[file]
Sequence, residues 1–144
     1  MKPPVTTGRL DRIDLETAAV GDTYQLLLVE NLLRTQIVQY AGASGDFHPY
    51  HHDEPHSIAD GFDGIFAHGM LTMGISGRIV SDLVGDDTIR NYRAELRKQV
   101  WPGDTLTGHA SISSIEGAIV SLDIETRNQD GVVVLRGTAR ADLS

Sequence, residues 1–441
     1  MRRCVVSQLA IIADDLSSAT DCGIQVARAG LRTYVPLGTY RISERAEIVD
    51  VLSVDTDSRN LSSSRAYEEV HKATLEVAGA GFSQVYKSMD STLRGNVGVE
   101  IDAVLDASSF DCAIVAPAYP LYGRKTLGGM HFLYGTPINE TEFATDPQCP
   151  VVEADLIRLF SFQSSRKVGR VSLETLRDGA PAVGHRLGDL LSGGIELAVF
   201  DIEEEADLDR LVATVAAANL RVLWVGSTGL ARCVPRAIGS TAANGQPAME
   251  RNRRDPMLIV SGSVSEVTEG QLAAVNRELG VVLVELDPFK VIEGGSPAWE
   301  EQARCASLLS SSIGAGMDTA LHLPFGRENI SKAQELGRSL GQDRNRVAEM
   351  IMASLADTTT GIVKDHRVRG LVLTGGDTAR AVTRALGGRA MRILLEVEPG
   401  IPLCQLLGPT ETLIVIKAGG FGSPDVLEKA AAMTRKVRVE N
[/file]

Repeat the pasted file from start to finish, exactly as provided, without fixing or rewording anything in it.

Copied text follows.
Sequence, residues 1–144
     1  MKPPVTTGRL DRIDLETAAV GDTYQLLLVE NLLRTQIVQY AGASGDFHPY
    51  HHDEPHSIAD GFDGIFAHGM LTMGISGRIV SDLVGDDTIR NYRAELRKQV
   101  WPGDTLTGHA SISSIEGAIV SLDIETRNQD GVVVLRGTAR ADLS

Sequence, residues 1–441
     1  MRRCVVSQLA IIADDLSSAT DCGIQVARAG LRTYVPLGTY RISERAEIVD
    51  VLSVDTDSRN LSSSRAYEEV HKATLEVAGA GFSQVYKSMD STLRGNVGVE
   101  IDAVLDASSF DCAIVAPAYP LYGRKTLGGM HFLYGTPINE TEFATDPQCP
   151  VVEADLIRLF SFQSSRKVGR VSLETLRDGA PAVGHRLGDL LSGGIELAVF
   201  DIEEEADLDR LVATVAAANL RVLWVGSTGL ARCVPRAIGS TAANGQPAME
   251  RNRRDPMLIV SGSVSEVTEG QLAAVNRELG VVLVELDPFK VIEGGSPAWE
   301  EQARCASLLS SSIGAGMDTA LHLPFGRENI SKAQELGRSL GQDRNRVAEM
   351  IMASLADTTT GIVKDHRVRG LVLTGGDTAR AVTRALGGRA MRILLEVEPG
   401  IPLCQLLGPT ETLIVIKAGG FGSPDVLEKA AAMTRKVRVE N